I suddenly feel woefully out of shape. Last night's run sucked the wind right out of me and I haven't been able to catch my breath since.
My schedule called for nine miles at tempo pace, but I was feeling like a hilly trail run. I set out to attack the uphills and put in a tempo-like effort. Within the first 30 minutes, my lungs dissolved and my chest tightened in their absence.
Even on the flat sections, my wind didn't return. For an hour and 20 minutes, I slogged along in the hot, humid evening, wishing for the end to arrive. Over the steep, rolling hills of the trails surrounding Sand Run, looping around the Buckeye Trail, across to the Towpath to connect to the Valley Link back to Sand Run -- all this time running without oxygen. Even this morning.
I have no solution.
There Is Another
During this morning's slower-than-it-should-have-been, lungless and barefoot run, I saw another. She was older and trotting around the block with a quick cadence. I was too far behind to catch up and talk to her before she stopped to talk to some people in a minivan. When I passed, I tried to slow down and acknowledge our sameness. I wanted to ask, "Hey, where are your shoes?"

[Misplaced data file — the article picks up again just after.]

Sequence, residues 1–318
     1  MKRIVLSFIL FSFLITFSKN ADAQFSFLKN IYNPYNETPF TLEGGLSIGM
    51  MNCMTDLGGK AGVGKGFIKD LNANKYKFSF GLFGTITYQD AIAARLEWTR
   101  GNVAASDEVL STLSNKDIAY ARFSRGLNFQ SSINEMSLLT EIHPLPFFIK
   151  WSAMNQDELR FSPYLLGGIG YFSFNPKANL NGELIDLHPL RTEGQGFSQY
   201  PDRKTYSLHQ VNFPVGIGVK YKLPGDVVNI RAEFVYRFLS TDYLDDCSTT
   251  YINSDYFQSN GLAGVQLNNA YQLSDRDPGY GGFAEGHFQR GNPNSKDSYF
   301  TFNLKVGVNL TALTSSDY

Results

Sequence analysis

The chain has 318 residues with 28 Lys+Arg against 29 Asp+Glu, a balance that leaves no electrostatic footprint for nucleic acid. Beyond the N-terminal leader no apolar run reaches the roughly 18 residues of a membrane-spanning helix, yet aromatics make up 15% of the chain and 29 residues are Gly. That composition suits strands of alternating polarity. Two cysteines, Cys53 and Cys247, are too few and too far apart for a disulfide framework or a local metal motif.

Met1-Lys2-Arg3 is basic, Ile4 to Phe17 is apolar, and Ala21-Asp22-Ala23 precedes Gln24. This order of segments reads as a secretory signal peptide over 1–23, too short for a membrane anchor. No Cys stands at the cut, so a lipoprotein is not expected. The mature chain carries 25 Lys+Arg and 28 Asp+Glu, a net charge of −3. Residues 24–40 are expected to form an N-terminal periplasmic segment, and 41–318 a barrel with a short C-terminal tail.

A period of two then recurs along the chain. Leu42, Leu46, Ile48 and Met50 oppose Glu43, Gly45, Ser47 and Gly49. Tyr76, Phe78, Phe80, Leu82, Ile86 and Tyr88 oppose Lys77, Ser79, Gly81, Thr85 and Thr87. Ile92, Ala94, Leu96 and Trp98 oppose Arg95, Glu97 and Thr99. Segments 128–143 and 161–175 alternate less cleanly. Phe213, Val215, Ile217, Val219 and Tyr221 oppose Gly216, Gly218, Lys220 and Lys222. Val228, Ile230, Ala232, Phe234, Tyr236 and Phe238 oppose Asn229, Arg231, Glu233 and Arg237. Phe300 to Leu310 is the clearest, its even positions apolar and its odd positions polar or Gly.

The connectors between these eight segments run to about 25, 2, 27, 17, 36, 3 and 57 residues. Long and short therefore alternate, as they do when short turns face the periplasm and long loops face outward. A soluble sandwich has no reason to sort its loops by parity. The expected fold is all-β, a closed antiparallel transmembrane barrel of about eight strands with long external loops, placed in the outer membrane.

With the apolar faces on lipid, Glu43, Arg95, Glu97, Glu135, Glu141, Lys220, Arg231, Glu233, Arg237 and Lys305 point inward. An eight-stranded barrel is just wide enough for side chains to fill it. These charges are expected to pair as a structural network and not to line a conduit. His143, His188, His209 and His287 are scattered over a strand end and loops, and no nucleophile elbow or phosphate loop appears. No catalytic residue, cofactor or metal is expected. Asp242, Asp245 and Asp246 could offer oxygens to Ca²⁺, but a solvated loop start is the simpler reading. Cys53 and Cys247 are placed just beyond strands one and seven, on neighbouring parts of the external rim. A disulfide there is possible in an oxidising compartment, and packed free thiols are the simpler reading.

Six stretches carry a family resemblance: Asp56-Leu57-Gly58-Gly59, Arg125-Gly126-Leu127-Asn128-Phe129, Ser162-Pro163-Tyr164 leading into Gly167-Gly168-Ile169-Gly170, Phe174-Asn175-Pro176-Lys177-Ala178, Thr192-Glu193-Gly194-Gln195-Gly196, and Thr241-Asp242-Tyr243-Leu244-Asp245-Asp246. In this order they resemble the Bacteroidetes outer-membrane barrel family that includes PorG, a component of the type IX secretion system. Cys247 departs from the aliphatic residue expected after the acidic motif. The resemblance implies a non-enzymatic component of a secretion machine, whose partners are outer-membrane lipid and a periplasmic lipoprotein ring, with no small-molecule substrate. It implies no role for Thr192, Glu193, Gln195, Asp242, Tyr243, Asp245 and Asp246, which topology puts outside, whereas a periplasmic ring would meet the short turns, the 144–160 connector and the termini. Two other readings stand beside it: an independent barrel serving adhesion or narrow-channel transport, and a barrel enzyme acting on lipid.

Wherein the cheapskates shall inherit the earth.
Nitmos responded to my rebuttal to his comment: "Well, now that was a good rebuttal. I can get behind that reasoning -- all except for Salazar's comment. With the human form being what it is in so many different shapes/sizes/centers of gravity, etc., there can't possibly be 'one best way of running' for everyone. No way. Maybe if we were all similar clone-like machines like the droids in I, Robot we could identify the efficiency but ... we're not. However, there must be One Best Way of Running for YOU."
Answer: Fucking asshole.
Eric from Can You See the Sunset from the Southside? (CYSTSFTS) has seen the truth, but not the light, as he is on the verge of dropping way too many dollars on shoes: "I made myself some huaraches from some cheap old flip-flops and I love running in them. I'm thinking about getting a pair from Invisible Shoe since the soles are thinner and (thus) better."
Answer: I used Steve Sashen's site to make my huaraches, but mine cost half as much as his kit. You can get industrial rubber sheeting however thick or thin you want for about $6 online.
Happy Hour is nearly upon us, teammates! Have a finely brewed weekend. Run well and drink well. Cheers!